During the last three decades, I’ve been a Faculty Representative on various CCSF Foundations including the current one. All have included a Chancellor’s Discretionary Fund; however, in the past, the money came primarily from “unrestricted” areas of scholarship investments. Actually, the encouragement and use of vendor donations seems a much more scholarship/student-friendly way to generate discretionary funds. But the big question, of course, is: may contributions be solicited and used to pass College bonds? The State Chancellor’s General Counsel Office is against doing so because of “appearances,” although it did not forbid the practice, maybe because it is completely legal to fund and run educational campaigns in support of College bonds and issues. (Where’s the pony?) Although most of the charges against former Chancellor Day and Mr. Herman involve accusations of political misuses of the vendor-generated bonus/extra funding, the fewer charges of misuse of the Chancellor’s Discretionary Fund seem particularly misguided. Many members of the College community have used the Chancellor’s Discretionary Fund over the years. It is supposed to be as flexible as possible. For example, the College has no parking areas for guests; so, sometimes we can reimburse their parking citations through the Fund. For events, fundraisers, receptions that involve food, we’ve been able to use the Chancellor’s Discretionary Fund to reimburse those costs as well. Should the Fund have paid for the Chancellor’s one-year business membership in City Club – an organization where connections through golfing with potential major donors can be made? Well, Willie Brown did point out recently that the most confidentially secure place to negotiate business is on a golf course. Do the Board Members of either the College or the Foundation have rules against such a business membership or against the past practices of flexible uses for discretionary funds? No? (Again: Where’s the pony?)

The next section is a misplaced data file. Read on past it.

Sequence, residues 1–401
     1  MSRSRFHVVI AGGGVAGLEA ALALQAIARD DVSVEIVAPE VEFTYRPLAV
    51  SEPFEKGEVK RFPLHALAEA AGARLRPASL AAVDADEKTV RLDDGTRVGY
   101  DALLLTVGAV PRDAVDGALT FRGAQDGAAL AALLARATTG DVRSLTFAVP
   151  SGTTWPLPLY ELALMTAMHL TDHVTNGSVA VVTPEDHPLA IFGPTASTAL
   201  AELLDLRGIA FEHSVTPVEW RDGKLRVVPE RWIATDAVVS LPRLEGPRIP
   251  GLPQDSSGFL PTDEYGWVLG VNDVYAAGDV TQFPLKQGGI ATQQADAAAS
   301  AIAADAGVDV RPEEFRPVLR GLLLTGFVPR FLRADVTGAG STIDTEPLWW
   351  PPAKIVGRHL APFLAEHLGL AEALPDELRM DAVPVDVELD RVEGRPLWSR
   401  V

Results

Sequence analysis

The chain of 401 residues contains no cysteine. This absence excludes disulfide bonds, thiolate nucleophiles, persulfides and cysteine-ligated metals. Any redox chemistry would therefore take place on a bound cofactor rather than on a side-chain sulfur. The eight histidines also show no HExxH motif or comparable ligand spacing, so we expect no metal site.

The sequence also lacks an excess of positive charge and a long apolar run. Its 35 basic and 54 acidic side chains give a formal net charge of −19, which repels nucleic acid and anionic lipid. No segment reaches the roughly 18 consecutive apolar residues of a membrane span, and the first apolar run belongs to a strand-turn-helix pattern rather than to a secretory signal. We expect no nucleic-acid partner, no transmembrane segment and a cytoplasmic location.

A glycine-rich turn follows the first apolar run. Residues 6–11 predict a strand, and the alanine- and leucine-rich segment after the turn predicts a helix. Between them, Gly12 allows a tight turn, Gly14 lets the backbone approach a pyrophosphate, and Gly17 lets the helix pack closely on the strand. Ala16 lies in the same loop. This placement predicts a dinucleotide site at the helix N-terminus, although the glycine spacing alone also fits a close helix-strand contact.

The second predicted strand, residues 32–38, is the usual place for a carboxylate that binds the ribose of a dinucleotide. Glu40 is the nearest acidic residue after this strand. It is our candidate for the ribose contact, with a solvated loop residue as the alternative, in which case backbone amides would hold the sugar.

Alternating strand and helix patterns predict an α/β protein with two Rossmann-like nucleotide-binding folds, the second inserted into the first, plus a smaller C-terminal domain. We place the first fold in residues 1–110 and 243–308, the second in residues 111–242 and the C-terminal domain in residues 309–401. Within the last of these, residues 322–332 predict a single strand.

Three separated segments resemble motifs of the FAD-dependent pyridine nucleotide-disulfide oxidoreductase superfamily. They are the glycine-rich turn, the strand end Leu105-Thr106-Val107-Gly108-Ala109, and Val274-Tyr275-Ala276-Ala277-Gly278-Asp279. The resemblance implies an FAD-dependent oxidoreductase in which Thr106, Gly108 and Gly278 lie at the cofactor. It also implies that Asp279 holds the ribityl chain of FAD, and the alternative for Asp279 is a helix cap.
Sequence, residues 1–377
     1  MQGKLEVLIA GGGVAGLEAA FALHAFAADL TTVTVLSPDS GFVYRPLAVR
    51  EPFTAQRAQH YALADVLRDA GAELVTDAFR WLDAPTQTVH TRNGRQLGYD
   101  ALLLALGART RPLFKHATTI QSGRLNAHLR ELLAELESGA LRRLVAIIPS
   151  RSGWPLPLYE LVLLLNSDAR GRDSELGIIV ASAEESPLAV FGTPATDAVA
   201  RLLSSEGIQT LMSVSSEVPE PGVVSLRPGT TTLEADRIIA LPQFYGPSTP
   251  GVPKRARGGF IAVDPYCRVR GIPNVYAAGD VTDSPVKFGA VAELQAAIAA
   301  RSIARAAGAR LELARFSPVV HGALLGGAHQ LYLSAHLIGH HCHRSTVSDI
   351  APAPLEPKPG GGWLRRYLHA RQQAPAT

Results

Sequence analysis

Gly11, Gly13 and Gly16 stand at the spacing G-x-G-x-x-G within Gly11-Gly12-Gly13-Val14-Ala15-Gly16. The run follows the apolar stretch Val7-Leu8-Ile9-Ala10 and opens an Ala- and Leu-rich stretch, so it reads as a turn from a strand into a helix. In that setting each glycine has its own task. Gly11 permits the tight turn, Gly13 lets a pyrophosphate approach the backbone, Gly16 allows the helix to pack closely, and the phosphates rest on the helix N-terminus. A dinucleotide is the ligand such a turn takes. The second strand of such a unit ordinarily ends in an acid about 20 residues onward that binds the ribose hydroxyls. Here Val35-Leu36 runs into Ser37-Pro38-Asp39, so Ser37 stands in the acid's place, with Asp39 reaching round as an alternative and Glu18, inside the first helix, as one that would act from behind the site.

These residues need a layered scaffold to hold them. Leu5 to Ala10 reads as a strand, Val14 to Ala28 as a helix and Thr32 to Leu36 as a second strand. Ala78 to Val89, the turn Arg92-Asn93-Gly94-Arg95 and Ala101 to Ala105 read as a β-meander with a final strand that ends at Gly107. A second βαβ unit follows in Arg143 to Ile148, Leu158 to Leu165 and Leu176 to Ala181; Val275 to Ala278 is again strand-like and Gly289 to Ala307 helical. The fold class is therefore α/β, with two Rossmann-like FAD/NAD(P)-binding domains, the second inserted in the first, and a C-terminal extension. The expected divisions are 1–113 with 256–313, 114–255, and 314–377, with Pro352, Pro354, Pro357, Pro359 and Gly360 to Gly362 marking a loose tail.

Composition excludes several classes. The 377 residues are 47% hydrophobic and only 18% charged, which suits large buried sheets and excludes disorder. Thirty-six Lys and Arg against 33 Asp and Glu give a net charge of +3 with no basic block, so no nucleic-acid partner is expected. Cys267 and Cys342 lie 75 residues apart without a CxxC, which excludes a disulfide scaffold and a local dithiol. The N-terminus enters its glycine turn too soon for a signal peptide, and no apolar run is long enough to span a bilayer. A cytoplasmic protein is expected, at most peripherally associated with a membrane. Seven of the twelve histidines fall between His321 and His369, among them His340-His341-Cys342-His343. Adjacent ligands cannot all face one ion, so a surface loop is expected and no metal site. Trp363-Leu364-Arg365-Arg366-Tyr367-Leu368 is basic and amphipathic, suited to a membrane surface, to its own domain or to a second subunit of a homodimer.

Some at City College are saying that we should not protest the charges against “The City College Three” because such protests may bring retaliation onto the College and imperil any future bond issues to help CCSF. Obviously, I believe the opposite. Political activity is messy and involves risks, and risk-takers. Chancellor Day, a charismatic leader, was a risk-taker, but always for the good of the College and the students. This was an administrator who worked 24/7 for City College and also who, the truth must be told, stepped big time on some big toes! So: NO PONY [criminal activity] at all, just a perfect storm of some ‘important’ people getting revenge, along with others gaining political opportunities, and still others selling newspapers. Although the three defendants may have to admit to something, if only for a variety of personal, health, and fiscal reasons, all of us—friends and foe alike—know that these men are not, and have never been criminals. Criminal charges should be dropped!